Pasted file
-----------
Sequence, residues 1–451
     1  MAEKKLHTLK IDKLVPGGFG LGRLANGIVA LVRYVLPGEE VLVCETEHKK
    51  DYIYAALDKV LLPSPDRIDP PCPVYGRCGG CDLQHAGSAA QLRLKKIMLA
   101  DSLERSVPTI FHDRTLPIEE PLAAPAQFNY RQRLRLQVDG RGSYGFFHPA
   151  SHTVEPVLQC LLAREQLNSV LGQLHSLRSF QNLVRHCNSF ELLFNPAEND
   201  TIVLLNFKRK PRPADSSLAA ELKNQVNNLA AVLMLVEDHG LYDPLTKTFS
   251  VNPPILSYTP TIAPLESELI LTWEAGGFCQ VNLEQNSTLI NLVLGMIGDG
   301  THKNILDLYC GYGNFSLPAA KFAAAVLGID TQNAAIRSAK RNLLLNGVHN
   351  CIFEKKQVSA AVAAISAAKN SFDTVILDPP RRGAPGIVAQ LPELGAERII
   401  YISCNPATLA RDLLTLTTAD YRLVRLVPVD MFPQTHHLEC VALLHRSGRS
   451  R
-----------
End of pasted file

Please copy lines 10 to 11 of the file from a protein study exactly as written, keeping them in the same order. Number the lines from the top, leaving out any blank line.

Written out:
   401  YISCNPATLA RDLLTLTTAD YRLVRLVPVD MFPQTHHLEC VALLHRSGRS
   451  R